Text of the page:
In August 2020, the Trump Administration released changes to Title IX that detrimentally impacted student survivors. Prior to the Trump Administration, Title IX, a federal civil rights law, required schools to take quick and substantive action to respond to and limit the impact of sexual violence on students––or risk losing federal funding. That’s because sexual violence can limit a student’s access to education and, in turn, create inequality by pushing survivors out of school. For example, a survivor whose grades dramatically drop following their rape––as many’s do––might not have the same access to a top law school or medical school as their peers that didn’t experience violence.
But after the Trump administration took office, they moved to alter Title IX and present it narrowly as a federally mandated adjudication process––and one that heavily favors schools and abusers. By only requiring schools to do the bare minimum in response to gender violence, their changes to Title IX have pushed survivors out of school and allowed schools to get away with sweeping sexual violence under the rug.In fact, we found that nearly 40% of survivors who reported experienced substantial disruptions to their education that forced them to take a leave of absence, transfer schools, or drop out entirely. Beyond the impact on one’s education, sexual violence and harassment cause significant mental and physical health problems, challenges that are magnified when schools fail to adequately address sexual violence. Our study found that more than 40% of survivors reported suffering from Post-Traumatic Stress Disorder, and nearly a fifth of survivors disclosed struggles with disordered eating.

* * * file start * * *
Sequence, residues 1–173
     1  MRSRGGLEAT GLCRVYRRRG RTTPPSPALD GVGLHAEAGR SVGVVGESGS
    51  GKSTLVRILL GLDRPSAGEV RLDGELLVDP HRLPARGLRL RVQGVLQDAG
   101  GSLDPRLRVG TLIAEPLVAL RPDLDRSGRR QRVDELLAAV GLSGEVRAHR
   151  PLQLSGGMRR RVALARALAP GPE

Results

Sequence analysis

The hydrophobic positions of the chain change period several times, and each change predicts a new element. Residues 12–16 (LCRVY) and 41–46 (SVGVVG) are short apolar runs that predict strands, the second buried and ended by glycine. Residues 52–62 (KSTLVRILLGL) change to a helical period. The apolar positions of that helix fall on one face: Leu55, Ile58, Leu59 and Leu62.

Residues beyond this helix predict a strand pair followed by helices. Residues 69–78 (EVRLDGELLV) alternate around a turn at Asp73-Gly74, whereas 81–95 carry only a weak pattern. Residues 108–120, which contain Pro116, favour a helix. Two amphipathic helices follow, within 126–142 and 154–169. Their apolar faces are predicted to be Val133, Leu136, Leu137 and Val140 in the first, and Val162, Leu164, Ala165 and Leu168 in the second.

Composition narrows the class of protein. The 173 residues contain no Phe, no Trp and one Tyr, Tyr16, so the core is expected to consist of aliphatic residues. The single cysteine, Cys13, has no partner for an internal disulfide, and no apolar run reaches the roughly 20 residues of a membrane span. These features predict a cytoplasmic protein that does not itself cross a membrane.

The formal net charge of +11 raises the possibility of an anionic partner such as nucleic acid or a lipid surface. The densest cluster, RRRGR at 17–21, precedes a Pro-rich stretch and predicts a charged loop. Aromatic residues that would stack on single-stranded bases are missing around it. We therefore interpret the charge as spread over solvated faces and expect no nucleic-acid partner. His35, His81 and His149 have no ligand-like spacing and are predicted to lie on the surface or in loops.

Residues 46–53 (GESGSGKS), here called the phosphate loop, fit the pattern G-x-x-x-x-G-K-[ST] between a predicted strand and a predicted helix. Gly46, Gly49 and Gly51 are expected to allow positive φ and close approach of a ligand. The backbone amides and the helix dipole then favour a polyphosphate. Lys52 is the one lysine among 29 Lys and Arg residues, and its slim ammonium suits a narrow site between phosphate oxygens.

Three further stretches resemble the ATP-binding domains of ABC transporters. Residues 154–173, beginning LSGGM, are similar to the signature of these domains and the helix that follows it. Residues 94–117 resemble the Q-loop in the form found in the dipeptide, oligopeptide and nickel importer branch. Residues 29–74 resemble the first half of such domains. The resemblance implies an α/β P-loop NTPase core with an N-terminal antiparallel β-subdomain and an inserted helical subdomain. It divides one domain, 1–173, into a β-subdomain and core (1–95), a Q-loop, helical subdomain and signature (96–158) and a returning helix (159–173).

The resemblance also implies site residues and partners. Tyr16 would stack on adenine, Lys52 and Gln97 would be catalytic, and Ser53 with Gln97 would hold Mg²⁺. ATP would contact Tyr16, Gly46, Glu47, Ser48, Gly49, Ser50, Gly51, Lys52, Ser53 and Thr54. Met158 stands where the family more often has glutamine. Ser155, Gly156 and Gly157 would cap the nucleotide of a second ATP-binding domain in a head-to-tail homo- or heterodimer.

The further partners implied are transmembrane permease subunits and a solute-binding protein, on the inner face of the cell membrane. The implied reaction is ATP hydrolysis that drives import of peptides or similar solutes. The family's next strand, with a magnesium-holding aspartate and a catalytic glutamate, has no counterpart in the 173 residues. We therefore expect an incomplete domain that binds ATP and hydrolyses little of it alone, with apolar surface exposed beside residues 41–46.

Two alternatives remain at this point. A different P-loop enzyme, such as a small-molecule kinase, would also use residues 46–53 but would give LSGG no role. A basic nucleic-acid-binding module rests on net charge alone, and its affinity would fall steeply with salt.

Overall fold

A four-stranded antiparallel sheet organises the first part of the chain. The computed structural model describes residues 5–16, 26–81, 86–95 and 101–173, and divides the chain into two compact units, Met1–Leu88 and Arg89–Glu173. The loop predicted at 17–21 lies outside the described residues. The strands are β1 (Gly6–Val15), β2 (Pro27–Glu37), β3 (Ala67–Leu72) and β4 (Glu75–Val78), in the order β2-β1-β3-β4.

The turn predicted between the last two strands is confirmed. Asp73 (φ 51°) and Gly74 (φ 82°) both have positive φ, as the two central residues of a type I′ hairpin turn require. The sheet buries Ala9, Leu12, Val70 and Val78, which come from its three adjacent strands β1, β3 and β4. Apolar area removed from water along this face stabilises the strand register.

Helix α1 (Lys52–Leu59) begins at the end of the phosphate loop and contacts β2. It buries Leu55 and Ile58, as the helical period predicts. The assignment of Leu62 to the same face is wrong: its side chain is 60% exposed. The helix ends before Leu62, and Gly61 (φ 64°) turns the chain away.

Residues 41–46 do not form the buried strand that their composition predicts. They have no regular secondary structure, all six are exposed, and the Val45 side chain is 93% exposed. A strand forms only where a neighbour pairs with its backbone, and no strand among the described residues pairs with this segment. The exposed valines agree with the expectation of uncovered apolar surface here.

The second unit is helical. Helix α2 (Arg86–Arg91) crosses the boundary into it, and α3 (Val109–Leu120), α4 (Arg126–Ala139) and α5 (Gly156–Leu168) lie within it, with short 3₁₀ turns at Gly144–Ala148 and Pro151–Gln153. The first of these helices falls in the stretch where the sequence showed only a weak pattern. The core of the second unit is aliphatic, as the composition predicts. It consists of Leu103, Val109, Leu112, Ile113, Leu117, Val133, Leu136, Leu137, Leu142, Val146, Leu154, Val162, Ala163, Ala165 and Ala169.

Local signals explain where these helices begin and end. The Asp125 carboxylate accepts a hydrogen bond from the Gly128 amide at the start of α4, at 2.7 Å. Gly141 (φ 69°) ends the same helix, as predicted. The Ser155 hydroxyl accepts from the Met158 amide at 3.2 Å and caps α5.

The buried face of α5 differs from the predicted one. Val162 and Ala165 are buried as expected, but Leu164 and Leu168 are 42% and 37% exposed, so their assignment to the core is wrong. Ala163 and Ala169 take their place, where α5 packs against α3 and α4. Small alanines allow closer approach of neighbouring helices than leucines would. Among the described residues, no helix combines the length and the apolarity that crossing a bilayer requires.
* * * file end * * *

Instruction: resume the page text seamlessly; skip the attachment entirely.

But the good news is that student organizers can, and have, organized against our schools to increase survivors support and create safer campuses. While it shouldn’t be our job, we know that survivors organizing has the power to change our school communities for the better. While your school may be somewhat limited by what is in the Trump rule––they aren’t entirely. In fact, there are many changes your school can make, even with the rule in place, to meet the needs of survivors. Schools can and should go above and beyond what Title IX legally requires in order to implement policies that actually protect students and mitigate the harms that can come with reporting. That’s why our report provides thorough recommendations to address the challenges highlighted.
In this toolkit, you’ll find everything you need to successfully run a petition campaign demanding better Title IX policies that do more to protect everyone’s civil right to an education free from violence. We’ll walk you through analyzing your current Title IX policy, identifying targets, crafting your demand letter, gaining signatures on your petition, delivering your petition, and following-up and escalating as needed. For any assistance in navigating this toolkit or if you need additional help, please reach out to us at email@example.com.